The World Press Photo contest has bowed to pressure from the photographer community. After initially announcing that AI-generated images would be allowed in the “Open Format” category of the competition, it has now walked back on that decision.
A blog post published on the World Press Photo (WPP) website announcing that generative AI will be permitted in the Open Format section — a category that encourages non-traditional, innovative techniques — sparked an angry backlash.
“These images, which are in essence digital mashups drawing from existing photography, are often hard to distinguish from actual photographs, but are devoid of any connection to the real world,” so writes the letter.
“This connection to the real world, the world as it is, is at the core not only of photojournalistic practice, but of journalism in general.”
Last week, the WPP’s Instagram feed published a series of AI-generated images and asked if such an image “could win in the World Press Photo Contest?” The comment responses were overwhelmingly negative.
“You just made my WPP award feel like a worthless piece of metal,” wrote Pulitzer Prize-winning photographer Daniel Etter.
“This shows a complete lack of respect for the work we do, the risks we take, and the reasons why we do it.”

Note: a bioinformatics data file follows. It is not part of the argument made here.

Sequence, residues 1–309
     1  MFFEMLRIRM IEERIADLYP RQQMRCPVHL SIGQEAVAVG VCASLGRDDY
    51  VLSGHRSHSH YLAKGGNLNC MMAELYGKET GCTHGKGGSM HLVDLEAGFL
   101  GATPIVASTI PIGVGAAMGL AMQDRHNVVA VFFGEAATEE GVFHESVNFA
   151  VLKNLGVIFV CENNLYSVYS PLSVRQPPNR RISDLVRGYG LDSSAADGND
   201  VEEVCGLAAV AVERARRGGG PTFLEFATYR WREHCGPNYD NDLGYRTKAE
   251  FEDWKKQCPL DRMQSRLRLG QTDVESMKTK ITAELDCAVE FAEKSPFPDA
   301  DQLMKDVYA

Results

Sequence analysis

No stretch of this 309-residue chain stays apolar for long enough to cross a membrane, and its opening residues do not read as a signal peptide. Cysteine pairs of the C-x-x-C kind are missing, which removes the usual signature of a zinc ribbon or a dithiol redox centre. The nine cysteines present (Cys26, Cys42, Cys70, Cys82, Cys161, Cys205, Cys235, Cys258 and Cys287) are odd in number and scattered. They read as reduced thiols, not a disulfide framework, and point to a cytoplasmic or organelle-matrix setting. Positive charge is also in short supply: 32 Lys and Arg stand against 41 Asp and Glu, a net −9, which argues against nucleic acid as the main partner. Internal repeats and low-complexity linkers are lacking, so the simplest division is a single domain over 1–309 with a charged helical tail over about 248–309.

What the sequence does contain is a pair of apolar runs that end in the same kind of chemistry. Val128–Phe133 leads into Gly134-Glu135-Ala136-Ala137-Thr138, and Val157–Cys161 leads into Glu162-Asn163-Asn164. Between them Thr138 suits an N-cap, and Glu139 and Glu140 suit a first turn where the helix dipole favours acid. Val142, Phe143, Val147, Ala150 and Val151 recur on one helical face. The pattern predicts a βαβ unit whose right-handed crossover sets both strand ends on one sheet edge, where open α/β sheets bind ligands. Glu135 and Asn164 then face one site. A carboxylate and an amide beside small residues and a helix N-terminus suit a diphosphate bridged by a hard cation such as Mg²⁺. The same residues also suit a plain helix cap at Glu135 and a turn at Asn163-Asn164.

The WPP decided to listen to the outrage and on Monday announced that AI-generated images will be excluded from the Open Format category.
“Both generative fill and fully generated images will be prohibited in the Open Format category (as was already the case in the other categories: Singles, Stories, and Long-Term Projects),” says the update.
“This is in line with our long-standing values of accuracy and trustworthiness.”
In 2023’s World Press Photo contest, the Open Format category was won by Egyptian photographer Mohamed Mahdy who submitted a series of found photographs along with his own photographs which are presented in a collage fashion.
Updated Rules for Image Manipulation
The WPP also took the opportunity to update its rules for image manipulation of photos taken by a “lens-based camera.”
Denoising, object selection, and adjustments to levels, colors, and contrast are all okay. However, AI tools such as enlarging and sharpening images with programs like Adobe super-resolution and Topaz Photo AI are banned from the competition.
World Press Photo also teamed up with other photo organizations, such as Magnum, to clarify exactly what a photograph is in the age of AI. That can be read here.